Mike Moustakas: B (minors), C (majors)
Honestly, I’d like to give Moustakas three grades: a B for his performance in the minors, an F for his first two months in the majors, and an A for the final six weeks of the season. Take a look:
Majors, June 10 – August 16: .182/.237/.227
Majors, August 17 – end of season: .379/.412/.564
Moustakas, to me, is a fascinating test case in the importance of intangibles. By “intangibles”, I’m not referring to things like his ability to bunt and hit-and-run – I’m referring to the things that we can’t see from the stands that affect a player’s ability to reach his full potential. I’m referring to a player’s work ethic, in other words.
Statistical analysis is an incredibly useful tool to determine the value of a player’s present performance. It is a much less useful tool to predict a player’s future performance – not because of any inherent weakness in statistical analysis, but simply because we can’t predict the future. The error bars in projecting a player’s career are massive, in the same way that the error bars in projecting the weather forecast for a weak from Friday are massive. Since so much of an organization’s success is based on their ability to project how players will perform in the future, it makes sense that they take into account as much information as possible to do so. How a player has performed in the past is obviously an excellent starting point for predicting how he’ll fare in the future, but you’ll want to layer on all sorts of information on top of that: scouting reports, his health record, and yes, his willingness to better himself.
Moustakas, even when he was a top-10 prospect in all of baseball a year ago, had weaknesses in his game. His defense at third base was still shaky at times, he had difficulty hitting left-handed pitching, and he was too aggressive at the plate. But he also had a reputation for a sterling work ethic. He loved to play baseball, and he was willing to put in the time to get better at it.
His numbers in 2011 were superficially disappointing after his mammoth 2010 season in the minors. But take a look. After always struggling to hit left-handers in the minors, he went back to Omaha and hit lefties nearly as well (.260/.325/.507) as he hit right-handers (.300/.357/.493). His plate discipline held steady even after he reached the major leagues; he drew 22 walks in 338 at-bats with the Royals, not a great ratio but no worse than he had done in the minor leagues, despite facing superior pitching.
Most importantly, his defense was solid, even surprisingly good. The Royals already have a backlog of players at first base and DH; the last thing they need is to have to find a new position for Moustakas. But Moose played well enough at third base to put off any talk of a position change until well into the future. Notably, unlike Giavotella, Moustakas didn’t carry his at-bats into the field; he played solid defense at third base even when he was doing his Ray Oyler impression at the plate.
And, of course, after going into a horrific slump for two months, Moustakas emerged from the ordeal a better hitter.
Maybe I’m reading too much into things, and Moustakas will prove all the gains he made in the final part of this season to be illusory. But look: we know that not every top prospect fulfills his potential. We know that for every Evan Longoria, who has a smooth and easy progression from top prospect to major-league superstar, there’s a Brandon Wood (rated a top-10 prospect by Baseball America in 2006 and 2007) or a Chad Hermansen (a top-40 prospect four straight years from 1997 to 2000), who seems to have everything in his favor and still falls flat on his face.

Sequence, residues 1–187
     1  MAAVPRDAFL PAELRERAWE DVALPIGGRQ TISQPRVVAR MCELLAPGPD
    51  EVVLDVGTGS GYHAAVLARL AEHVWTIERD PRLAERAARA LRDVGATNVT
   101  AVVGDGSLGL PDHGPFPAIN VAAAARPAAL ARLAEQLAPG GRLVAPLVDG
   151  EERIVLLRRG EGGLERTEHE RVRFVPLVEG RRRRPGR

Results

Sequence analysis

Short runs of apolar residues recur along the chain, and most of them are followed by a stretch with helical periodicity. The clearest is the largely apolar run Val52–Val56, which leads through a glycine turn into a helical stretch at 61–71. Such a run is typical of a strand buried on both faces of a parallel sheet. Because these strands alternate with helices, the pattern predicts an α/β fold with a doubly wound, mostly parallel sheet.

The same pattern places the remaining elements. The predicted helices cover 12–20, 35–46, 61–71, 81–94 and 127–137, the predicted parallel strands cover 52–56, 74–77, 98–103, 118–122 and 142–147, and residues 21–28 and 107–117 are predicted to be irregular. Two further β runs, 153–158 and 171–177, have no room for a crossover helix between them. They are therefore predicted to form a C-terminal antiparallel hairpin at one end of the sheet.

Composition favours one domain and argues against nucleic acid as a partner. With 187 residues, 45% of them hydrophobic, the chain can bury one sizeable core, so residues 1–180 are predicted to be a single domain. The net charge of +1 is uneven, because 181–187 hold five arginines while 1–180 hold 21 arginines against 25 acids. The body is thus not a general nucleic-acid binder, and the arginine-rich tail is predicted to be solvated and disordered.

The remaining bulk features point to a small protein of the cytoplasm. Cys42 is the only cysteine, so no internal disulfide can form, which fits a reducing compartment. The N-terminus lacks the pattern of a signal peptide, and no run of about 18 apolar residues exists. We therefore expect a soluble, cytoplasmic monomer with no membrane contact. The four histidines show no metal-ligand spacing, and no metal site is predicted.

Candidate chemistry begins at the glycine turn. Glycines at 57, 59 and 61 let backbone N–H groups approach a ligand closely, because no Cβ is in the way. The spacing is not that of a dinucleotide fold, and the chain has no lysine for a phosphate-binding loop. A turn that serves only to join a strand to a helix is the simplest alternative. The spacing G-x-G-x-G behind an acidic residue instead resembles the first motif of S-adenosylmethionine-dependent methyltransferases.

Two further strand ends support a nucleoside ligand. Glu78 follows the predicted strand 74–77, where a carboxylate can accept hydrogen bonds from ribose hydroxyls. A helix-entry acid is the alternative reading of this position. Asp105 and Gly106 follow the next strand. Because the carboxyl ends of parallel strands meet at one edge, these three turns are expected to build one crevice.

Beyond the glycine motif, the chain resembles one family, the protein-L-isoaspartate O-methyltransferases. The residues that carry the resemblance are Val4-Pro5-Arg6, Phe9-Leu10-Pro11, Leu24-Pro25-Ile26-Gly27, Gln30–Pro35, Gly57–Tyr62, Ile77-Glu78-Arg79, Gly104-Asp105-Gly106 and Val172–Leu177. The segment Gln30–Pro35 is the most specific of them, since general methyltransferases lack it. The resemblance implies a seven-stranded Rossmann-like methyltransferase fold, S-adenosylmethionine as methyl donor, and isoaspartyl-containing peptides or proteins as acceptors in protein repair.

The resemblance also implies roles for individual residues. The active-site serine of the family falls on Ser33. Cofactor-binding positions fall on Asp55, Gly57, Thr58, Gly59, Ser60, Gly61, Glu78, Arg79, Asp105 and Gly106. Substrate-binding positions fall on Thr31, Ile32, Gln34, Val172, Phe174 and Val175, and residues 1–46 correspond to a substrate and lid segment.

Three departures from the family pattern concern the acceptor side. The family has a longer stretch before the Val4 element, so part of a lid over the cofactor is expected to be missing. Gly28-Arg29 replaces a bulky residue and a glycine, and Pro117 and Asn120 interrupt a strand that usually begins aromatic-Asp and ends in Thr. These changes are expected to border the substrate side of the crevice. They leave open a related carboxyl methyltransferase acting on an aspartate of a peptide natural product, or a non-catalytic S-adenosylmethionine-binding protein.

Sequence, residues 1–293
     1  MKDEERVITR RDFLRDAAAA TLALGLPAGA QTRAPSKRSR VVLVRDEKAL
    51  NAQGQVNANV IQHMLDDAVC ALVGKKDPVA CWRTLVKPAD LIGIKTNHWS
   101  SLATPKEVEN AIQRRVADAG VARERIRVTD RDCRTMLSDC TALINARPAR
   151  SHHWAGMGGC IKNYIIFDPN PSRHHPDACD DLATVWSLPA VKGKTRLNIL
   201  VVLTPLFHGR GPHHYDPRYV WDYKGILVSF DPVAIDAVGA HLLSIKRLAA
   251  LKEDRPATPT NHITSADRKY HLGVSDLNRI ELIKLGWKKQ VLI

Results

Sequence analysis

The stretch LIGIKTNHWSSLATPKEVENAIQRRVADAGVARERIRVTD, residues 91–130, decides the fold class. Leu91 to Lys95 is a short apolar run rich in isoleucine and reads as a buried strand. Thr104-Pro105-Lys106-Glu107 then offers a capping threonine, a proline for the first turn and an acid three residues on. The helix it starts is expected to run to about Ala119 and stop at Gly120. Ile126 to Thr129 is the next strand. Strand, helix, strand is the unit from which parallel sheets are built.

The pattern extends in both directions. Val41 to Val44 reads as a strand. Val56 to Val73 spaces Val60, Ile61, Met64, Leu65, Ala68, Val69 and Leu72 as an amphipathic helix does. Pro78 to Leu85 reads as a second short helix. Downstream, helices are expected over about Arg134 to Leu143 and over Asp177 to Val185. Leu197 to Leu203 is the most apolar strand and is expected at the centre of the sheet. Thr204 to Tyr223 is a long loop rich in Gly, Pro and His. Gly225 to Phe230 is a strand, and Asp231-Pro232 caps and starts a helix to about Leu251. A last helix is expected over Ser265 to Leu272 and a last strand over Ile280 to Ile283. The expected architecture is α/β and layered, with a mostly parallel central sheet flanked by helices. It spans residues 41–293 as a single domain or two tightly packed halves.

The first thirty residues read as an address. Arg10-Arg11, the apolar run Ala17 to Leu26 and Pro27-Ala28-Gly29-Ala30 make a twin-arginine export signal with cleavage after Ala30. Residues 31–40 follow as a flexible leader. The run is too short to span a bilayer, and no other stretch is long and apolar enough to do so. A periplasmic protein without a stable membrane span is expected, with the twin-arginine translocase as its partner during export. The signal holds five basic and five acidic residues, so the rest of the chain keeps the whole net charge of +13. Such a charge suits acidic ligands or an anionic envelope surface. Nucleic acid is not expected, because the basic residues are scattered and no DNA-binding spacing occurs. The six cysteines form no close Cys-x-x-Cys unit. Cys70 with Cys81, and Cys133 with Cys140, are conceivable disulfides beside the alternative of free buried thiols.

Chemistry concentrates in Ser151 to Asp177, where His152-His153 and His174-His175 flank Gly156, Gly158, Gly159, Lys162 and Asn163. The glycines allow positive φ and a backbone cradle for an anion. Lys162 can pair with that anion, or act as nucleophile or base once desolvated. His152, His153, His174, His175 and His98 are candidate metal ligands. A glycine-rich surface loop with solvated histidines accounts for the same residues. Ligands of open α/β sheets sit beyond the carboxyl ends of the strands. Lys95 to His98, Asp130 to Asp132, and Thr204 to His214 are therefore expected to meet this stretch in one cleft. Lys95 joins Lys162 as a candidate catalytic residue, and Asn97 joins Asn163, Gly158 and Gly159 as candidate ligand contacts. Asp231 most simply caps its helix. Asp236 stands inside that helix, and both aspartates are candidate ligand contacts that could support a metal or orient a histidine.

We’ll never be able to predict the future perfectly, or even well. But it seems to me that if you’re trying to predict which top prospects will make it and which ones won’t, you probably ought to favor the guy who seems to be giving it his all.
To paraphrase Tolstoy*, successful prospects are all alike; every failed prospect fails in his own way. There are many pitfalls that can trip up a top prospect. Some are physical, like a hole in his swing that he isn’t able to close. Some are mental or emotional – a player is going through a bad breakup with his wife or girlfriend, or he starts drinking too much.
*: Yes, Tolstoy. To quote Hans Gruber**: “The benefits of a classical education.”
**: Yes, Hans Gruber. Hey, I wasn’t studying ALL the time.
But probably the pitfall that brings down the most prospects is simply an inability to make adjustments. Pitchers learn that you struggle to hit the inside fastball; you need to learn how to hit the inside fastball. Word gets around that you’re now susceptible to soft stuff away – you need to learn how to lay off those pitches. And so on. It took Alex Gordon, who has all the talent in the world, four years before he finally made all the adjustments that he needed to make.
I’m not saying that Moustakas has made all those adjustments. I am saying that a prerequisite to making adjustments is the willingness to put in the time to do so, something Moustakas seems to have in spades. And his performance over the season’s final six weeks suggests pretty clearly that he’s made at least some of the adjustments he needs to make.
Work ethic is no substitute for talent – but it’s a hell of a complement to talent. Moustakas, by all reports, has both. And that’s why I’m optimistic that going forward, he’s going to resemble the player we saw in September more than the player we saw in July.